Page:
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Good Friday & It’s History

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Tations of Cross Jerusalem
One of my more interesting trips was to Jerusalem for Easter one year. You walk the streets of this ancient city, and they have marked the Stations of the Cross for those who want to follow the path. That was very interesting. You follow the procession and then end up at the Church of the Holy Sepulchre that covers Calvary, which is completely enclosed along with Christ’s Tomb in a Church originally constructed by Constantine the Great’s Mother, Saint Helena.

Church of the Holy Sepulchre 2

The Church of the Holy Sepulchre lies in the Old City of Jerusalem. Helena first built a church on the site and dedicated it about 336 AD. The Persians burned it in 614AD, and it was then restored by an abbot of the monastery during the Byzantine reign of Theodosius (616–626AD). It was then destroyed again by the caliph al-Ḥākim bi-Amr Allāh around 1009AD. It was again restored by the Byzantine emperor Constantine IX Monomachus. Finally, the Crusaders carried out a general rebuilding of the church during the 12th century. Since all the various Christian sects are present, the Church remains unfinished since they still cannot reach an agreement.

Naturally, being a lover of history, I have always traveled around to experience what these places are. I roamed around Israel, visited all the famous places, and even climbed Masada rather than taking the tram. Some have asked me when Good Friday was first celebrated – (called Great and Holy Friday in the Orthodox Church).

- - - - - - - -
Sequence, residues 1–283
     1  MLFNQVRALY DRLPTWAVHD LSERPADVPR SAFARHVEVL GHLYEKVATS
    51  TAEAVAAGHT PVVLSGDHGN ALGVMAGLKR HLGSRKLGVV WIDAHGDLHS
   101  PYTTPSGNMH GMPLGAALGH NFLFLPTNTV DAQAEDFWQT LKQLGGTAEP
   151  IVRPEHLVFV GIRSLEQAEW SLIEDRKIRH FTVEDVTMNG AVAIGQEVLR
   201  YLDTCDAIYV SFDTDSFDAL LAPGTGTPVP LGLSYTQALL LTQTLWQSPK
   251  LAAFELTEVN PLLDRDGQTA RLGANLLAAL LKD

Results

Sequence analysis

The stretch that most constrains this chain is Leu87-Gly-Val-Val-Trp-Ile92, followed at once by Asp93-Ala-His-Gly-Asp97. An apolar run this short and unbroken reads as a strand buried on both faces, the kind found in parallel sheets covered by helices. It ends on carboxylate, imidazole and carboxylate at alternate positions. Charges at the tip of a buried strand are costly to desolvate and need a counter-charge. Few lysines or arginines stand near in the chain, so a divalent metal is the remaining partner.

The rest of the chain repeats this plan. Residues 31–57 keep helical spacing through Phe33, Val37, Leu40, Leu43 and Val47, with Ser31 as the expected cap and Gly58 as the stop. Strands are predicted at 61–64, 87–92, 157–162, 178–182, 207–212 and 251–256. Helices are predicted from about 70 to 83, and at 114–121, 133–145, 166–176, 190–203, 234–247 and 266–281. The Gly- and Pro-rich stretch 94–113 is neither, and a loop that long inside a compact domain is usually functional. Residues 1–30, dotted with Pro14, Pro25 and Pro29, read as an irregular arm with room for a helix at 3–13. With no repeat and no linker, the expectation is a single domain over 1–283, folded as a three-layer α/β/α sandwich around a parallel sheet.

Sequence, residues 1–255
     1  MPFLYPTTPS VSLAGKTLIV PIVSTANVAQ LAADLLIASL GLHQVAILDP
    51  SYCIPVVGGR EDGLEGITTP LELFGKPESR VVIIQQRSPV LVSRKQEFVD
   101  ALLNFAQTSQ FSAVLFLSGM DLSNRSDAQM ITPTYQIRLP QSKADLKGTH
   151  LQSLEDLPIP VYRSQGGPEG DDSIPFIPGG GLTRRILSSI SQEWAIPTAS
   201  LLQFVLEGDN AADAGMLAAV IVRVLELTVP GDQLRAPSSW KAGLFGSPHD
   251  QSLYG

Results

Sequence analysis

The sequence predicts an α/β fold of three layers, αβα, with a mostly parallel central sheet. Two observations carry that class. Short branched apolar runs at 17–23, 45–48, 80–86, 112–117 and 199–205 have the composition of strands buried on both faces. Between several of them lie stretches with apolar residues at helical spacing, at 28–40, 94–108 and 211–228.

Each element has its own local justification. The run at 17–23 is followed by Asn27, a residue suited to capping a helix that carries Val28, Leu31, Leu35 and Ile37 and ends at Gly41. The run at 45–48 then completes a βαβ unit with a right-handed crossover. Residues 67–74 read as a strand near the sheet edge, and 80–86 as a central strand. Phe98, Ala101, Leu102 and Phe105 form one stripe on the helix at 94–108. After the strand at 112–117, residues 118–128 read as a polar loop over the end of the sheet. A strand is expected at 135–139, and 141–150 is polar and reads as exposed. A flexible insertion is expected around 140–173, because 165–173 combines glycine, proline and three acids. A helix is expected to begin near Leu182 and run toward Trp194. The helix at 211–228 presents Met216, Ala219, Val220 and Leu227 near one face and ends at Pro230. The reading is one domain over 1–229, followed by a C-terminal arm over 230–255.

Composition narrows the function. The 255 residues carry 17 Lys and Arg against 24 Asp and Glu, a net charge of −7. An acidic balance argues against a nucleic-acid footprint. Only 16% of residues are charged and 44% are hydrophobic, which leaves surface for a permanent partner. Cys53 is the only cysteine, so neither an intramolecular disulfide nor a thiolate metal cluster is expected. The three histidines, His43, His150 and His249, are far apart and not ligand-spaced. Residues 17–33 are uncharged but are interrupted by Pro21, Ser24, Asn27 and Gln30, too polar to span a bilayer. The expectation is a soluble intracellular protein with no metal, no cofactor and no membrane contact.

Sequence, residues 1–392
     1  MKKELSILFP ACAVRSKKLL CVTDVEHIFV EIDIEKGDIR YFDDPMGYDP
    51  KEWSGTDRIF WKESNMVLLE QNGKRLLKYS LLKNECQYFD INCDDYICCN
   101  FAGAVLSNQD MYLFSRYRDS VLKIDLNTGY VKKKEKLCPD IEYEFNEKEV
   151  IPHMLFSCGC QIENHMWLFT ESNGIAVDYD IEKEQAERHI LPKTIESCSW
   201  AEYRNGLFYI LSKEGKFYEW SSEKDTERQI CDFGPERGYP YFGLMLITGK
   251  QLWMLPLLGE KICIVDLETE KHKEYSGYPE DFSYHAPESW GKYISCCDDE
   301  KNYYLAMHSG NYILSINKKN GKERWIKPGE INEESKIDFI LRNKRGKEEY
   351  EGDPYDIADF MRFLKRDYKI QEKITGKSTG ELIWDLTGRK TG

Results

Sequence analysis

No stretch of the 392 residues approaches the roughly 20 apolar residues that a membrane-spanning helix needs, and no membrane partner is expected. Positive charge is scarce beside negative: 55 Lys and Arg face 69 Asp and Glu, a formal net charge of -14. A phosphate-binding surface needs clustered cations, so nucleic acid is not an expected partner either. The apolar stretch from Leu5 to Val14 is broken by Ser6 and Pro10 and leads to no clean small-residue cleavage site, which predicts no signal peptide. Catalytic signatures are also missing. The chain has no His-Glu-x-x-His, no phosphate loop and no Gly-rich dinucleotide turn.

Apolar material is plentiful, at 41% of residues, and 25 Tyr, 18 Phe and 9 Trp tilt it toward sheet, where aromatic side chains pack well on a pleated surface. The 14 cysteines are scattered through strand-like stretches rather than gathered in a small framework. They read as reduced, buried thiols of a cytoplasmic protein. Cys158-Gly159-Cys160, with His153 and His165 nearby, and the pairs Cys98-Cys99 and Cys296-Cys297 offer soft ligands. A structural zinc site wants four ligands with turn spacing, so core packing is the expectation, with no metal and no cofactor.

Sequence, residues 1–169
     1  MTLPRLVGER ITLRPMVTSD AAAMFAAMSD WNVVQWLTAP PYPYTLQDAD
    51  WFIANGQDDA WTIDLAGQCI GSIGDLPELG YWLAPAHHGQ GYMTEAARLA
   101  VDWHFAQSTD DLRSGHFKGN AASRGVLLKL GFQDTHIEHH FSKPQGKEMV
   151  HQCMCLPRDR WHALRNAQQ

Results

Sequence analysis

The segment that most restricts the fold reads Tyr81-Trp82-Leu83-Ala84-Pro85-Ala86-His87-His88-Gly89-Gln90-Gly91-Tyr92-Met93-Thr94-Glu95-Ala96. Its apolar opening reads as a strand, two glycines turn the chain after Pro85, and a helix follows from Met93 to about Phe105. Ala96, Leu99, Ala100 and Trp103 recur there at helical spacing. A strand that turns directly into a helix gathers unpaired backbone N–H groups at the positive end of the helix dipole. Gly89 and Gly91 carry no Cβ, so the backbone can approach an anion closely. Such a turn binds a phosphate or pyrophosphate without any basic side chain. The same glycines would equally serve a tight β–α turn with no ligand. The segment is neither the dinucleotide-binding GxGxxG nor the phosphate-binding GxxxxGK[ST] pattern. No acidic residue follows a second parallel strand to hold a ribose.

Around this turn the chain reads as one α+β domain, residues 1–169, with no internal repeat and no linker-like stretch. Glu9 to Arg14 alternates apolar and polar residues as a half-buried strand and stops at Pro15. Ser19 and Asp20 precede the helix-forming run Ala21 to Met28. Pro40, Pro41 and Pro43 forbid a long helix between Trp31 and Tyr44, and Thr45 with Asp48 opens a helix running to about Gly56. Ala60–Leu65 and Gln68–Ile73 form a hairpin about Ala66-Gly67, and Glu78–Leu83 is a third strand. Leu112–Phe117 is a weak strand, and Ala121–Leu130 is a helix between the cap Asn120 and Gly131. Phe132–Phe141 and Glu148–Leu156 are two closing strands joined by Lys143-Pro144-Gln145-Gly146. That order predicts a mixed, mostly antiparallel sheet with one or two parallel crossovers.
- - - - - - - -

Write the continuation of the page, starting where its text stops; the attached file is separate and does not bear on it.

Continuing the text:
From what I would say, the earliest record is found in the Didascalia Apostolorum, which appears to date back to 230 AD, probably during the reign of Severus Alexander – 222-235AD This prescribes activities during Holy Week, including a fast on Friday. The Twelve Apostles reportedly wrote it at the time of the Council of Jerusalem, described in chapter 15 of the Acts of the Apostles. This event has been attributed to be held in Jerusalem around c. 48–50 AD. However, many have proposed that this copy was a later composition during the 3rd century AD.

Something similar is recorded in the Apostolic Constitutions, which are dated to 375–380AD. A Spanish nun named Egeria wrote a diary sometime between 381 and 385AD, in which she, too, records the event and celebration.

Constitutions of the Holy Apostles (Constitutiones Apostolorum) is a Christian collection divided into eight books. This is classified among the Church Orders, a genre of early Christian literature. This was the prescriptions regarding moral conduct, liturgy, and Church organization – the origin of Canon Law.